The top 5 dumbest cyber threats that work anyway

The top 5 dumbest cyber threats that work anyway

The common conception of cyber attacks is kind of like bad weather: ranging from irritating to catastrophic, but always unpredictable. Hackers are simply too sophisticated to draw any reliable judgments on and we shouldn’t try. As it turns out, some hackers are fairly predictable in their successful use of really dumb attacks. Here’s a few.

1. The Browser Locker

Browser locker, better known as the fake blue screen of death, spraying gibberish errors at the user and imploring them to call an Indian boiler room to be scammed an average of $500. Some feature tweaks by the major browsers have pushed tech support scammers into more creative iterations, including registry hacks to replace the windows shell itself with a locker. But the browser locker still exists in bulk and still draws victims. Some lockers show some ingenuity, like manipulating the browser’s history function, but most are some variation of:


For x in range (a lot) {

Alert(“You have a virus, please call Scam Number”)



It’s a piece of novice level code that has caused hundreds of millions in losses. Mitigations are wide-ranging, including adblockers (most browser lockers are delivered via malvertising), turning off Javascript in the browser, not downloading software from third-party app stores, and simply force quitting a locked browser.

2. DDOS Extortion

With DDoS bots for sale, sometimes on the clearnet, denial of service itself is not the most sophisticated of attacks. DDoS extortion is one notch lazier; an attacker will simply send an email to a corporate security staff threatening massive attacks if a bitcoin ransom isn’t paid immediately. Given that the ransom in question has tended to be relatively low, companies in industries requiring continuous uptime have sometimes shrugged their shoulders and paid. If this happens to you, talk to your service provider to work out mitigations; don’t talk to the attacker.

3. SQL Injection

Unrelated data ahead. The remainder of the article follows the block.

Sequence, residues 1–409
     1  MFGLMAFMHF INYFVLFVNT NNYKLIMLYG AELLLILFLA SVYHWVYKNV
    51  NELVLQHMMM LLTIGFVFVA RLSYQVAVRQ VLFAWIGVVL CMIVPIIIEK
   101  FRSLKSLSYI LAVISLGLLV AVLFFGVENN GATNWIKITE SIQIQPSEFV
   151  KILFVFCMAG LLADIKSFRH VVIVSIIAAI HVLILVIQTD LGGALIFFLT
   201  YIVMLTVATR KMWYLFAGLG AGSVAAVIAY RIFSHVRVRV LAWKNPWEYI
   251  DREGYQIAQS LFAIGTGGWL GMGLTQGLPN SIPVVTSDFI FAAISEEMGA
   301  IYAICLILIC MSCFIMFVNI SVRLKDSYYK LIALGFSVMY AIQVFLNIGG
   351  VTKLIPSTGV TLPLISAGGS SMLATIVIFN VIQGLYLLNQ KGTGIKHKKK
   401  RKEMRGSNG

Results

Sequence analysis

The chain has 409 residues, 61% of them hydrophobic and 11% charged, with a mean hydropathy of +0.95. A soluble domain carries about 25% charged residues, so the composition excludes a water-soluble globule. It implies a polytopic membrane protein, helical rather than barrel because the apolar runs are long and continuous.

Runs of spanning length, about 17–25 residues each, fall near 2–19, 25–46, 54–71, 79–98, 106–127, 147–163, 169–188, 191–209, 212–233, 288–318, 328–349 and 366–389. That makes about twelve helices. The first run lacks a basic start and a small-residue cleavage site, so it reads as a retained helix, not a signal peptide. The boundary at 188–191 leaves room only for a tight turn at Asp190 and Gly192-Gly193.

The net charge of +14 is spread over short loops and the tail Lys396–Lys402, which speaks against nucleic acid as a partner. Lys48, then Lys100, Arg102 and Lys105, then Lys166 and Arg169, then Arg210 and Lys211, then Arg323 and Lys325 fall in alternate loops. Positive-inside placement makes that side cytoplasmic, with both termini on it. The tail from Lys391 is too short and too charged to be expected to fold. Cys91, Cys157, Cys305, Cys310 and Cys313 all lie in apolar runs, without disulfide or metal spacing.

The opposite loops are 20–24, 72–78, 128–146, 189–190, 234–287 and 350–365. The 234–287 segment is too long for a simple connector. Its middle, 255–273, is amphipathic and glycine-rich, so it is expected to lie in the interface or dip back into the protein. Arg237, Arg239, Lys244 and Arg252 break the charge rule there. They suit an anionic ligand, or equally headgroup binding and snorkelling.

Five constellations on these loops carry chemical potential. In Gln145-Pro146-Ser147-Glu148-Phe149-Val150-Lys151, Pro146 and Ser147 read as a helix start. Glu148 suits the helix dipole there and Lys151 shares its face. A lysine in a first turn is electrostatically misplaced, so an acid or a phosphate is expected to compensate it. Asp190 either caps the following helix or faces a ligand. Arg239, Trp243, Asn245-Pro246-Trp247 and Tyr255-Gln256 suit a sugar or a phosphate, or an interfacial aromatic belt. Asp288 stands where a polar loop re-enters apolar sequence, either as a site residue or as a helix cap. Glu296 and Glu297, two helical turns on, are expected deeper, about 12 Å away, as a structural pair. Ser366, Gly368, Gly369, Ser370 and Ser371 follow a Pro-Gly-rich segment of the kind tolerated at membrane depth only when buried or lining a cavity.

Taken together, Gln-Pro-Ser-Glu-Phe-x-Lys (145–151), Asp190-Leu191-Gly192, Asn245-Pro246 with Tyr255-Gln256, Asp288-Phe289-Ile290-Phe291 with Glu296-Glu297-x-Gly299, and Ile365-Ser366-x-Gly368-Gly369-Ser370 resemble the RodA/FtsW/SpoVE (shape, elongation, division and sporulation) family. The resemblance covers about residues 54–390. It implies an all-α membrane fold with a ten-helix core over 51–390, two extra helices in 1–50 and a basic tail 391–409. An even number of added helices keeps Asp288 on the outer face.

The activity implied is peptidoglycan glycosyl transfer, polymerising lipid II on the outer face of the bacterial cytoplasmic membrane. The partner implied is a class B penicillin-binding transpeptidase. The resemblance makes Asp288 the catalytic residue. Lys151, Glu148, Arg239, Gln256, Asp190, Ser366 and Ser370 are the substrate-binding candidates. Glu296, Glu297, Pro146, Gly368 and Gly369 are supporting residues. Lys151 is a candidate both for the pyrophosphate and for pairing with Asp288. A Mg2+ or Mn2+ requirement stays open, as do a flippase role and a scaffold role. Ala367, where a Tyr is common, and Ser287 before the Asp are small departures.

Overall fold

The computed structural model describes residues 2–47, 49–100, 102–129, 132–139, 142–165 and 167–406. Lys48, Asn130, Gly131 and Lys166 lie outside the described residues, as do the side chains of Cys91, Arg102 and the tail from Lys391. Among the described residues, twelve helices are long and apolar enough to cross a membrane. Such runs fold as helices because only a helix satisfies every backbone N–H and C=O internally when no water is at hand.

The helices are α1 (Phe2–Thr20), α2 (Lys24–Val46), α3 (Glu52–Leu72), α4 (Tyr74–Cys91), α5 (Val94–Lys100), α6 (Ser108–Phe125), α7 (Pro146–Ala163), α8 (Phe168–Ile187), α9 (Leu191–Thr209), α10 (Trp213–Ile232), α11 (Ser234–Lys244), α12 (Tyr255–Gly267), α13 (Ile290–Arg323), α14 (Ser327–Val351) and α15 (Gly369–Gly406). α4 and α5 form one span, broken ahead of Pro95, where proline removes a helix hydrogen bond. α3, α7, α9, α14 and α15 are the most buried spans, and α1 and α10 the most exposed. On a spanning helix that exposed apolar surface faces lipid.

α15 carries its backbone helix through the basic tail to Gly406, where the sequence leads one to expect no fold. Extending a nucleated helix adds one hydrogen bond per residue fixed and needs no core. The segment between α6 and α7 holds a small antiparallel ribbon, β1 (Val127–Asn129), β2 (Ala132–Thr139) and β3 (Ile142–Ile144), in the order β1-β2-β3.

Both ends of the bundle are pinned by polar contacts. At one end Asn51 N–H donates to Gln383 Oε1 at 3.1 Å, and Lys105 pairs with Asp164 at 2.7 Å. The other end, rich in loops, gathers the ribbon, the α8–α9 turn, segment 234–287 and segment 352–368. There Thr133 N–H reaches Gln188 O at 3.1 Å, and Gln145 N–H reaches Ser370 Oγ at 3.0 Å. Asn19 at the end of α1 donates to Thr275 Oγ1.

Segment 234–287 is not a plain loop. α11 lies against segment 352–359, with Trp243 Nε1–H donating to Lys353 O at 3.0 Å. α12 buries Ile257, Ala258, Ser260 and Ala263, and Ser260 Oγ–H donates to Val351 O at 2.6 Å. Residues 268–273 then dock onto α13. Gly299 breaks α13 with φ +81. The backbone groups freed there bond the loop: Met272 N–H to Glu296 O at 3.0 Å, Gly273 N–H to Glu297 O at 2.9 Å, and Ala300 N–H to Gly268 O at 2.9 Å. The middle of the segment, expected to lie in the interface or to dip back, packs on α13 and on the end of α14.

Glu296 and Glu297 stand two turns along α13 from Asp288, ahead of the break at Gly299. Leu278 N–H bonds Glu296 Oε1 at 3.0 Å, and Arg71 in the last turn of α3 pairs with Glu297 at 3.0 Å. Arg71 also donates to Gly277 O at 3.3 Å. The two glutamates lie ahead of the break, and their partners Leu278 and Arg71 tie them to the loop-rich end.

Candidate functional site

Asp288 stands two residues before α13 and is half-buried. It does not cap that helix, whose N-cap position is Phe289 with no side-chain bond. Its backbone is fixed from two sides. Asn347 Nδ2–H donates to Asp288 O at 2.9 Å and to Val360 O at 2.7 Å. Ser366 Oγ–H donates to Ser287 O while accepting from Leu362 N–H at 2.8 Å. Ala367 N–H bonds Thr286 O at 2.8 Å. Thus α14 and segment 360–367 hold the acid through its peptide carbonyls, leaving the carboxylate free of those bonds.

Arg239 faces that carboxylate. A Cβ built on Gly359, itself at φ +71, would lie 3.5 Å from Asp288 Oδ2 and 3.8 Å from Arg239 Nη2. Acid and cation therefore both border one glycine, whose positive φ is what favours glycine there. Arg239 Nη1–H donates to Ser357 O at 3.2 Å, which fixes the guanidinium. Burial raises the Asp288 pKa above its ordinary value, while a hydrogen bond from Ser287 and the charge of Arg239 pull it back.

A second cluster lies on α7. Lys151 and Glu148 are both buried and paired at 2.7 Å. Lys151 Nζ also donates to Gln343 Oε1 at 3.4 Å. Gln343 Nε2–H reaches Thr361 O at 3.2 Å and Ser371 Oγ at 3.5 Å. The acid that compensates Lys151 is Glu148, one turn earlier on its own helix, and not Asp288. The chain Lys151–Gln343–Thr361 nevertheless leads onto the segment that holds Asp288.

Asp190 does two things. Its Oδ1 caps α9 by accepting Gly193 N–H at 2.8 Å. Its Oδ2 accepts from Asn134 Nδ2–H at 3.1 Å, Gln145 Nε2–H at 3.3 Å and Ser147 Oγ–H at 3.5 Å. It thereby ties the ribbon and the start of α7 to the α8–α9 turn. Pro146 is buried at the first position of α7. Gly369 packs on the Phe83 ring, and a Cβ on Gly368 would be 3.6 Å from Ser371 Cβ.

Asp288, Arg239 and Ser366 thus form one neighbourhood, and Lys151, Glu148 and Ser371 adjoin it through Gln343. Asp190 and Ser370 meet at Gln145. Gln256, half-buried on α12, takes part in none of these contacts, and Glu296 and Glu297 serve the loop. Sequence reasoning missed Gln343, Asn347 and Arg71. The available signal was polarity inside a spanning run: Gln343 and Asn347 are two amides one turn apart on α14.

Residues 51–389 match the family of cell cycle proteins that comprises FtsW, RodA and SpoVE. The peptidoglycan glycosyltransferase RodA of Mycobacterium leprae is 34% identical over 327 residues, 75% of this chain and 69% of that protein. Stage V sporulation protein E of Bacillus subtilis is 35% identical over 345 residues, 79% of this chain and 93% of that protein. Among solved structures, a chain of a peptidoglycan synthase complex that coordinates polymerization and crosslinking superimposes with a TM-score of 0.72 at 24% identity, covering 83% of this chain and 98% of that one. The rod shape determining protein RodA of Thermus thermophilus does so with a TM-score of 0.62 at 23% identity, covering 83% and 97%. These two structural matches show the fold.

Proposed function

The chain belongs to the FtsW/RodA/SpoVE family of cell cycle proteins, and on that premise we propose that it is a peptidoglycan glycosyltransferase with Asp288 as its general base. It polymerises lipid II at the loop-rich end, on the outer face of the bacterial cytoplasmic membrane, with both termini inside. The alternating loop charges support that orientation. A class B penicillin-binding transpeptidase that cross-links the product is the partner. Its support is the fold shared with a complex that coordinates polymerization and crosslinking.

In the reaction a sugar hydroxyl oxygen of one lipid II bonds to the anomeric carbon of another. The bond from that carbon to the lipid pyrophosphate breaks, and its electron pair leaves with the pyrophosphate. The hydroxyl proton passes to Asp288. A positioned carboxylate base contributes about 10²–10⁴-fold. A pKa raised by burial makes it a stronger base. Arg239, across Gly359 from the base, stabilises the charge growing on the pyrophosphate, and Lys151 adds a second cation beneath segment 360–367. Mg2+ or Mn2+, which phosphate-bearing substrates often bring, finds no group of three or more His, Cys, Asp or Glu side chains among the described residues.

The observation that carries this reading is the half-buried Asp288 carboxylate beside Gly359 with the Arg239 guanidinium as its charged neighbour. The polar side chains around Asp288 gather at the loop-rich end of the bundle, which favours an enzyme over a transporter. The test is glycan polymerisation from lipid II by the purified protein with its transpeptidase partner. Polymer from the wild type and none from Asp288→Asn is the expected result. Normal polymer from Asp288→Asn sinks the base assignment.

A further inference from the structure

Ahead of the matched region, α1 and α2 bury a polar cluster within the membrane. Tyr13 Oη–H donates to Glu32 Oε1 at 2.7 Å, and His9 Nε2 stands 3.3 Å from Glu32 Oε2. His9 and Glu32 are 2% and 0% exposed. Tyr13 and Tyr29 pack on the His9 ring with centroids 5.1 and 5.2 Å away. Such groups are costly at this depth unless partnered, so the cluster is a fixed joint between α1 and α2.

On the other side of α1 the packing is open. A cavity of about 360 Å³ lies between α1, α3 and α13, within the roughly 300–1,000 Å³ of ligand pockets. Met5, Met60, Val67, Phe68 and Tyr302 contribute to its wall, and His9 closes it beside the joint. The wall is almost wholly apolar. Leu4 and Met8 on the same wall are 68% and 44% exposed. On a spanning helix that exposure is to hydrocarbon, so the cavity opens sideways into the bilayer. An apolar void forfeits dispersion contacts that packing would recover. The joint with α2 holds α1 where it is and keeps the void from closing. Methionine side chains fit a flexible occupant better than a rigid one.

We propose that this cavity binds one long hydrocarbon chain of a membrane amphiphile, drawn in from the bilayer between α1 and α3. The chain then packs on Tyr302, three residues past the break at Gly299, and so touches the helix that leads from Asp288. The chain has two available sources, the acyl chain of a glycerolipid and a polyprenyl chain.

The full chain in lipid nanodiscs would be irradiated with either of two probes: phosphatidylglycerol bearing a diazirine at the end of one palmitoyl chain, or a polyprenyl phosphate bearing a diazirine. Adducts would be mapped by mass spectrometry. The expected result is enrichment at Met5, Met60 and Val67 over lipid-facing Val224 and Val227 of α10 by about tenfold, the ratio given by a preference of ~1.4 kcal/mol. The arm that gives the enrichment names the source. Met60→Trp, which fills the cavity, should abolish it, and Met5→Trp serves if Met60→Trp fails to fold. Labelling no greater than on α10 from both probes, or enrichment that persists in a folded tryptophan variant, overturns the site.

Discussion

SQL Injection takes a modicum of technical skills to pull off, from finding the vulnerable site to executing and safely exfiltrating dumped files or data. So why is this a dumb attack? Because it was first publically discussed in 1998. It was in the OWASP top 10 in 2007 and 2010. It was #1 on the OWASP top 10 in 2013. This is a known, predictable attack with extensive mitigations, so continuing to see it so frequently is profoundly dumb.

4. Business Email Compromise

Sometimes, bosses are jerks. Sometimes when a boss is a jerk, their subordinates are too frightened to question an order from the boss, regardless of how out of character it might be. Attackers have weaponized this cliché of the business world by posing as the aforementioned jerk boss and demanding that large amounts of money be wired to overseas accounts as soon as possible. This scam, which is not much more complicated than shouting “Give me money!” is called Business Email Compromise and has cost US victims $960,708,616 since 2013. There is a reasonably simple mitigation against business email compromise: if you are a boss, don’t be a jerk. Environments, where individual contributors are comfortable asking the boss for clarification if they give an unusual order, stand a much better chance of defending against this attack.

5. Macro Malware

In the old days, MS Office had macros enabled by default. This made for a great malware delivery vector, with malicious attachments that would run all sorts of arbitrary code when opened.  Eventually, Microsoft had enough and switched Office macro support to off by default. Criminals have gotten around this restriction by simply asking the user to enable macros and thereby the malicious code. Here’s the technique cropping up in 2014, and here it is again last month. The defense against macro malware is to not enable macros, no matter how politely an attacker asks. More broadly, a collaborative document editing environment that eliminates the need to pass files around the office can defend against a wide variety of malicious attachments.

In summary, a great many cyber threats are not sophisticated nation-state level, well thought out attacks. The bulk, in fact, tends to be the least effort required for success, which sometimes turns out to be not very much effort at all.


William Tsing

Breaking things and wrecking up the place since 2005.